Here’s how to ensure your fishfinder will be in good working order

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Do a physical check of the installation. It’s important to look for cracks, chafing or breaks in the line since these problems can cause intermittent performance. When conducting your evaluation, pay close attention to the transducer cable.

Check a transom-mounted transducer for placement. It should be aligned with the water when it’s in the down position. Also, check that the kick-up mechanism is operating properly.

Check the inline fuse container. Approximately 60 percent of performance problems in older units can be traced to a buildup of oxidation where the fuse ends make contact with the container, says Luke Morris of Lowrance. If buildup exists, use a piece of Scotch Brite pad to scrub off the oxidation.

When prepping your boat for spring with a fresh coat of bottom paint, be sure to avoid covering your through-hull transducer. Special coatings for transducers are available.

Remember that the screen images you see are history. The only real-time “picture” is on the far right side of the screen, and on the Ascope if your unit is equipped with that feature.

Re-read the manual while using the simulator. There is a ton of information that you may have overlooked last year or don’t remember. When you’re finished, be sure to deactivate the simulator.

If you want to buy a new fishfinder this season, don’t be confused by the output power ratings. There are two specifications: Root Mean Square (RMS) and Peak-to-Peak (PtP). One is not more powerful than the other; it’s just the way power ratings are measured and reported. RMS is a lower figure than PtP by a factor of eight. To get RMS, divide PtP by eight; to get PtP, multiply RMS by eight. It seems that freshwater fishermen understand PtP, while saltwater anglers deal in RMS.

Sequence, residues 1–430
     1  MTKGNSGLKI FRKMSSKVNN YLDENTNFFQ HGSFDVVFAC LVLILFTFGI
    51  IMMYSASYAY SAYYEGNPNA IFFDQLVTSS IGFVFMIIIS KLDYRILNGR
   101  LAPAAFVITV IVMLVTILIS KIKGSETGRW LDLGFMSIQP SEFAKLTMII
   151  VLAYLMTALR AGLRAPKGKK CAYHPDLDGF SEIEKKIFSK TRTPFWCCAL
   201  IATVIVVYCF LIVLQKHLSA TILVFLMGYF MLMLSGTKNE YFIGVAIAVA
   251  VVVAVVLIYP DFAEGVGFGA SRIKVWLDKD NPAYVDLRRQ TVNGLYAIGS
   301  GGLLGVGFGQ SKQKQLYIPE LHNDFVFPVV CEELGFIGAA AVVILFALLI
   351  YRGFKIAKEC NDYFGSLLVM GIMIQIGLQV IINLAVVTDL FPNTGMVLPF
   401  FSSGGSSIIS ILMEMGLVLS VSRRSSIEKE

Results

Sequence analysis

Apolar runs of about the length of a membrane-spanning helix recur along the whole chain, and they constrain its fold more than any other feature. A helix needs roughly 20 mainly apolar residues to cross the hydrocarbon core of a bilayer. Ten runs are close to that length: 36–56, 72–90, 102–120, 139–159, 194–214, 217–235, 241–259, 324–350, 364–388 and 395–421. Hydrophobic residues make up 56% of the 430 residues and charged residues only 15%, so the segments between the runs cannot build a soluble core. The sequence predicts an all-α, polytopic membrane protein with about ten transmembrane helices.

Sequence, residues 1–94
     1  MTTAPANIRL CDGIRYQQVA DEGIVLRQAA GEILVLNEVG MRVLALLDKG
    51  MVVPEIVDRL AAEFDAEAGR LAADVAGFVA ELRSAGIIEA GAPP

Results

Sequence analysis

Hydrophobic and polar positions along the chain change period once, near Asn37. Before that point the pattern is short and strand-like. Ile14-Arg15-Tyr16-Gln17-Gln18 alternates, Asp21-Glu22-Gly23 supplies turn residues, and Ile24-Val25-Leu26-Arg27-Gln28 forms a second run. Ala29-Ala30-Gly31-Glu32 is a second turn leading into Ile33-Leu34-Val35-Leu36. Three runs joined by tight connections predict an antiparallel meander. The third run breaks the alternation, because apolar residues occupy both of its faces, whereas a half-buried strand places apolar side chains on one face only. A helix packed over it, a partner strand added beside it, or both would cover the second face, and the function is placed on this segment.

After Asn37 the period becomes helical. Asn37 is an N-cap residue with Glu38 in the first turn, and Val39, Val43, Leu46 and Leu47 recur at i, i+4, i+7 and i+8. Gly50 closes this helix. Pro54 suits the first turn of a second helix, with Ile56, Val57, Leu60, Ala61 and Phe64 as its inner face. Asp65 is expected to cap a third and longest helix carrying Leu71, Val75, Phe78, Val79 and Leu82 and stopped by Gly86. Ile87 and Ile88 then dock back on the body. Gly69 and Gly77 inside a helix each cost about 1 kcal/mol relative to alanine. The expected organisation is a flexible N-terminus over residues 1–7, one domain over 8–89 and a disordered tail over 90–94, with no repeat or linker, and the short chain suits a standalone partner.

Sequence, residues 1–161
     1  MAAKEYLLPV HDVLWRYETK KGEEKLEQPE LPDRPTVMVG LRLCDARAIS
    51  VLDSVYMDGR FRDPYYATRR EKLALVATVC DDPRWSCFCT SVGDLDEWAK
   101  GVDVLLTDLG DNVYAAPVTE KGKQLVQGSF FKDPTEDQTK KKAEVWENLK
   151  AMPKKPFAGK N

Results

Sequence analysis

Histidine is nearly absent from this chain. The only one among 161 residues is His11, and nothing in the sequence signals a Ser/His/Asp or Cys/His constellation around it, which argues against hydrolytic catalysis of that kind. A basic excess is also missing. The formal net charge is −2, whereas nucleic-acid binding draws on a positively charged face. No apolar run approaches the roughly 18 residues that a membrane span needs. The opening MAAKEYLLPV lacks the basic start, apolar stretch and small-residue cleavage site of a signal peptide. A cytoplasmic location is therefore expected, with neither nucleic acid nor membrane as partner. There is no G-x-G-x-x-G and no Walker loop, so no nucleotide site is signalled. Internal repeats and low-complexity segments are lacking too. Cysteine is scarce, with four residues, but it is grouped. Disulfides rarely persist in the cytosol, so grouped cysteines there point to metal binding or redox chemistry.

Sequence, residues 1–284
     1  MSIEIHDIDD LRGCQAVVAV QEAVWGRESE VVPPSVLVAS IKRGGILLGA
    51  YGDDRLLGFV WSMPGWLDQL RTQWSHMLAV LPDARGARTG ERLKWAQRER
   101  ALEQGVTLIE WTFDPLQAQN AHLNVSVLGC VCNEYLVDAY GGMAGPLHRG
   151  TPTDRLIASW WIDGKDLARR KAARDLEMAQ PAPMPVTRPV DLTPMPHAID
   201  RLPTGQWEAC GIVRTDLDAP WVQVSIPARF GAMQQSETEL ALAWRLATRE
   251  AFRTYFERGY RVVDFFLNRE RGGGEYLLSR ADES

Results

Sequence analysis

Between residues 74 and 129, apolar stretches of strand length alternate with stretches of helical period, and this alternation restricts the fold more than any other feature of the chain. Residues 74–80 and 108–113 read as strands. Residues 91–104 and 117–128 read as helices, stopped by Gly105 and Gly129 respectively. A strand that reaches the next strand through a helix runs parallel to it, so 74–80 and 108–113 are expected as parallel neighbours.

When selecting a working frequency in a dual frequency model, remember that 200 kHz is designed for shallower water to 600 feet, while 50 kHz penetrates deeper, especially in saltwater. Higher frequencies provide better resolution and target separation, while the lower range can “see” fish in deeper waters, although resolution and target separation suffer somewhat.

When “reading” the screen, remember that all targets are not located directly under the transducer at the depth specified on the display. A fish reported at 12 feet could actually beat only nine feet. It all depends on the fish’s position within the 360-degree cone of energy generated by the transducer. In this case, if the fish is directly under the transducer, it’s probably 12 feet down. If the fish is at the outer edge of the cone, it could be in nine feet of water.

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